2. Do Your Research!
When signing a client, you should evaluate the amount of time going into the project and have an idea if your projected clients are likely to pay on time. It is common to speak to other small business owners about their policies on late fees and taking payments to get an idea of how you want to structure your payment schedule. For example, if you notice that you are taking only 25% retainer whilst other businesses in your industry are taking 50% retainers, it might be necessary to bump your percentage up. Next, you should evaluate the work that needs to be done and in what time frame. If the contract is worth significantly more than your other services or is during a busy season, you should factor that into your overall costs and likely upcharge a bit. For example, if you are a wedding photographer and a client books you in the middle of the busy season and then the client stops paying or cancels, you have now lost a significant amount of income and probably missed out on booking with someone else. Always consider these factors when signing a client; do your research!!
What to do if the client still does not pay!
You took all precautions to avoid nonpayment and yet your client still is not paying and is avoiding all invoices (with late fees!) that you send them. As mentioned, the retainer fee is your saving grace here and will alleviate some of the costs. But, there may be instances where you still deserve to be paid more for the work you’ve performed up to that point. Here are the steps you should take if this occurs:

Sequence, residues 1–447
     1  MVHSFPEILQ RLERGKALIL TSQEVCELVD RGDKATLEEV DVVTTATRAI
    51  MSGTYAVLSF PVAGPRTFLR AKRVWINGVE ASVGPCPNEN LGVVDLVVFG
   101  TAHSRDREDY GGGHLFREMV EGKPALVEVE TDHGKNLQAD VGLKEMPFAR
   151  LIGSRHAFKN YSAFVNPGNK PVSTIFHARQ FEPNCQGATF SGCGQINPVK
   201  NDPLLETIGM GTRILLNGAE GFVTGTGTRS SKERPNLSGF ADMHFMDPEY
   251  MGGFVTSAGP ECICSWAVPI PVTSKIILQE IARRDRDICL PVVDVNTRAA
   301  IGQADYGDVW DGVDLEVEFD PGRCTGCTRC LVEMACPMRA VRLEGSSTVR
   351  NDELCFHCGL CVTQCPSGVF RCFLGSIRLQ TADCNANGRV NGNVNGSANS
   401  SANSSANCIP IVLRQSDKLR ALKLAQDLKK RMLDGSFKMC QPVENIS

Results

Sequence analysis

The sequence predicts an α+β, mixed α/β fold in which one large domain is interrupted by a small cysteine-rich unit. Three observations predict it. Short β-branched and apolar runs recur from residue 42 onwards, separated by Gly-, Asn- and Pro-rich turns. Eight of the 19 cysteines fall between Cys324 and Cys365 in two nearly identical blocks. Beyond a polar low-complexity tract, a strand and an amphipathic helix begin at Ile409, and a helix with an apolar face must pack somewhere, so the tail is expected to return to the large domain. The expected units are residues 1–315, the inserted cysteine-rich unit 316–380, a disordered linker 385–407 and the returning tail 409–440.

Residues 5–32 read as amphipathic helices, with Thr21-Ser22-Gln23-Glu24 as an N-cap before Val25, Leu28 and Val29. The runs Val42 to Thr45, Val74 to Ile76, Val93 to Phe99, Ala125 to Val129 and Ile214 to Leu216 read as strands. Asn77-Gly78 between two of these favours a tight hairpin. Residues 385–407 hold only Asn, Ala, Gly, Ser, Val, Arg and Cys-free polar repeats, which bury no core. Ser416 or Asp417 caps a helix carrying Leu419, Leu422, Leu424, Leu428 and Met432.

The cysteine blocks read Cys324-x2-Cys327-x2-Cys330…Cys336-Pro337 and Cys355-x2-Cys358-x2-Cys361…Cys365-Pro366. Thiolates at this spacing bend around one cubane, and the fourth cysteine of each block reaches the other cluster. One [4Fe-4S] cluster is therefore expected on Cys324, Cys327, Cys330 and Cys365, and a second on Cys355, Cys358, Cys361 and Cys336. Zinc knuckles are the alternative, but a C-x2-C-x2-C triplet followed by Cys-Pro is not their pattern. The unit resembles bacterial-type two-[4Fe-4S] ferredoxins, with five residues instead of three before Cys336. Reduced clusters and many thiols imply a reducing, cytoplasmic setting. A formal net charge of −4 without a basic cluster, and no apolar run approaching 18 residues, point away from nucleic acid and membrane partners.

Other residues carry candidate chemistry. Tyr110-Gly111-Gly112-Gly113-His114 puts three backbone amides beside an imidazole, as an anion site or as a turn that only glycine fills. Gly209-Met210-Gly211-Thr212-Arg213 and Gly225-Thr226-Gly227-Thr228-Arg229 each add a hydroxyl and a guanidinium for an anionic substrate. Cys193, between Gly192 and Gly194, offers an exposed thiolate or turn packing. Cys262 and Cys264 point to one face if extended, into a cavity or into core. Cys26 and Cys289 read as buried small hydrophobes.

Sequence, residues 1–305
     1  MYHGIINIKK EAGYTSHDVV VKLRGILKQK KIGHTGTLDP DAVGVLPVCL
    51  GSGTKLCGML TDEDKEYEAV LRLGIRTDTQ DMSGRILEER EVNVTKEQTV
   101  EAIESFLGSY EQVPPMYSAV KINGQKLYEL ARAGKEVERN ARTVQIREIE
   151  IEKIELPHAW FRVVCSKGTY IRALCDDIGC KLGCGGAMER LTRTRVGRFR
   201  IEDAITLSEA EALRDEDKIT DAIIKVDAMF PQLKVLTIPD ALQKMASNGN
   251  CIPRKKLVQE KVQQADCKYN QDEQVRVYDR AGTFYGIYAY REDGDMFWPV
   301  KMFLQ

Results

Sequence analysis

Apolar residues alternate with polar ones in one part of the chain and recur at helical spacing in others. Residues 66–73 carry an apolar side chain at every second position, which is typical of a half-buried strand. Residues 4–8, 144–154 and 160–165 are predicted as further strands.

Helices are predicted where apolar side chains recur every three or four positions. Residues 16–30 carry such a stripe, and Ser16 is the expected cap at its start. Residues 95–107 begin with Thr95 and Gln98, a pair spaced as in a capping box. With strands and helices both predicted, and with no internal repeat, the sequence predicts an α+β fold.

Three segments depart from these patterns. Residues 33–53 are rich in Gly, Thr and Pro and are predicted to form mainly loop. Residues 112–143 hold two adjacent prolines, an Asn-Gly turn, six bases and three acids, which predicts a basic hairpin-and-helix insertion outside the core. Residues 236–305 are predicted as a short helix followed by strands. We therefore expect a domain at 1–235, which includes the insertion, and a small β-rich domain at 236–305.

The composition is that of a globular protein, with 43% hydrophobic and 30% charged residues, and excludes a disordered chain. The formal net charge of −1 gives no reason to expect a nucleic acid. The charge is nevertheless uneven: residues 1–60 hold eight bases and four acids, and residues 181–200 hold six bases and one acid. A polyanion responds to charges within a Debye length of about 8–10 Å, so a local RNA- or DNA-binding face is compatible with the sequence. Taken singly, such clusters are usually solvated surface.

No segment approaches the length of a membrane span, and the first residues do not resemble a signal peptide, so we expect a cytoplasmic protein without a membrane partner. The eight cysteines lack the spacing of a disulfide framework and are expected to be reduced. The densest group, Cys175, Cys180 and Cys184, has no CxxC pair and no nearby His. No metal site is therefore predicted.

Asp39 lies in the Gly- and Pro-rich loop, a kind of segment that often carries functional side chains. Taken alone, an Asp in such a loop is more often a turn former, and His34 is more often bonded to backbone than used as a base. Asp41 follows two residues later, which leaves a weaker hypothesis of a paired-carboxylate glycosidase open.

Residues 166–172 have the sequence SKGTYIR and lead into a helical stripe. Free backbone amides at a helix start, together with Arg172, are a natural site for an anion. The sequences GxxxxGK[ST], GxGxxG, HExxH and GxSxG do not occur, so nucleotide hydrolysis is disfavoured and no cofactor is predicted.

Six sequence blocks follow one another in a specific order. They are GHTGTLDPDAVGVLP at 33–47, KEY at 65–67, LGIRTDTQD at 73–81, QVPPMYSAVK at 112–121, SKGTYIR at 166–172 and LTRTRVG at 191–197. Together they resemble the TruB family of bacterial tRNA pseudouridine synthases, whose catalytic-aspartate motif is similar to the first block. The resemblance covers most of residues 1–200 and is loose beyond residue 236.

- Be adamant about sending out invoices and contacting the client,
- Stop working until you are paid, and
- Seek legal help.
Be Adamant About Billing and Contact!
It is important to regularly communicate with your client when they fall behind on their payment. If you do end up having to pursue legal action, it will greatly contribute to your claim if you have consistent contact and invoicing statements. This will serve as evidence and proof that you did indeed contact them many times. It is a good idea to send out a bill showing the current balance AND a notice specifying the unpaid balance. By having two separate documents, you are showing that the client is still being charged and has an overdue balance that needs to be paid. You should further contact via email, a secondary phone, attempt an in-person meeting if possible, and consider sending a certified letter with the invoice to ensure the documentation was received.